I have no doubt that the next generation of premium smartphones and tablets will be based on 64-bit processors. To provide the power and features needed for new features such as UltraHD video, LTE-Advanced, and 3D products (such as Google's Tango), mobile devices will need a big boost in processing power.

New 64-bit SOCs such as Qualcomm's Snapdragon 805 processor are expected to begin shipping this year, and the first products are expected to be commercially available in the first quarter of 2005, just in time for the Mobile World Congress 2015 in Barcelona.

Read more

23-inch Android display shows HD digital art

Filed under
Android

Electric Objects has achieved Kickstarter funding for its Android-based EO1, a wall-mounted, 23-inch HD signage computer for displaying digital art.

New York City based Electric Objects is one of several companies reinvigorating the wall-mounted digital picture frame form-factor with more affordable prices, smartphone access, and other modern amenities. Like Framed, which is based on Windows Embedded, Electric Objects’s EO1 picture frame has easily surpassed its Kickstarter funding goals. There are still 17 days left, however, to get in on discounted pricing, including $299 for a May 2015 release, or $499 (the eventual retail price) for a wooden-framed version, or a beta test model due in Jan. 2015.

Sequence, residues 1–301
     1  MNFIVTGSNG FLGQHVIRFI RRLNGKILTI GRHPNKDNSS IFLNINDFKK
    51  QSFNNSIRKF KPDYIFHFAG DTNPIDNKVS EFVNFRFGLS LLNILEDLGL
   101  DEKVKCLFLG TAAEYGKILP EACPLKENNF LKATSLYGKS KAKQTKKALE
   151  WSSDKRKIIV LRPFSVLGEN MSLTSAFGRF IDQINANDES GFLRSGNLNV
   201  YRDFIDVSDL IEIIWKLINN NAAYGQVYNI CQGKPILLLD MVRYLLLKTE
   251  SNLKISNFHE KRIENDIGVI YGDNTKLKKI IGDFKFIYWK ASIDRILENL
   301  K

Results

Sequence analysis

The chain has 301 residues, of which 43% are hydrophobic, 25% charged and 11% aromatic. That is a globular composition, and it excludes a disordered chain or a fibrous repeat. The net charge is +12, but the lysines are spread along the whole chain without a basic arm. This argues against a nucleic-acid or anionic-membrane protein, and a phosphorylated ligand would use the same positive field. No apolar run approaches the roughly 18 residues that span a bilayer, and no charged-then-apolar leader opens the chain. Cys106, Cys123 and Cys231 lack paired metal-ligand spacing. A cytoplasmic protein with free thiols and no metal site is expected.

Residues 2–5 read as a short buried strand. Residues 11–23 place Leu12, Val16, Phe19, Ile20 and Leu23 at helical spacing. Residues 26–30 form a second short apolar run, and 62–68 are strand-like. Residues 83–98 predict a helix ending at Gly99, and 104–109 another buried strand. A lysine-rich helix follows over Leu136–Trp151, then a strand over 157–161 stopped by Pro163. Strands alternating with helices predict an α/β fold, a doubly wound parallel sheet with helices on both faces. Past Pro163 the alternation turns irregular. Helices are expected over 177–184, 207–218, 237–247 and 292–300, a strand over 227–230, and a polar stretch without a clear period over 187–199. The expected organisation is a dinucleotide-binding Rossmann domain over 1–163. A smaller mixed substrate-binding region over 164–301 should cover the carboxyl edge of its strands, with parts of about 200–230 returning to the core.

Read more

Samsung and Google provide more details on Knox contribution to Android L

Filed under
Android
Google

As businesses look beyond BlackBerry for smartphone security, Samsung and Google step up to the plate. Knox integration is coming in Android L.

Read more

The new Android Wear smartwatches already have their first game (exclusive)

Filed under
Android

Smartwatches are still a fairly new category. Google revealed its big Android Wear initiative at its I/O developer conference in June. The company is hoping to do for smartwatches what Android proper did for smartphones. Rumors suggest Apple is also working on a smartwatch of its own, but the company hasn’t announced anything yet.

With games dominating the app market on both iOS and Android, it isn’t a surprise that a developer is already coming to the scene with a game for smartwatches. Now we can find out if anyone cares about gaming on a watch or whether most will just stick to playing Candy Crush Saga on their smartphone.

Read more

NVIDIA Releases K1-Powered Shield Tablet & Controller

Filed under
Android
Gaming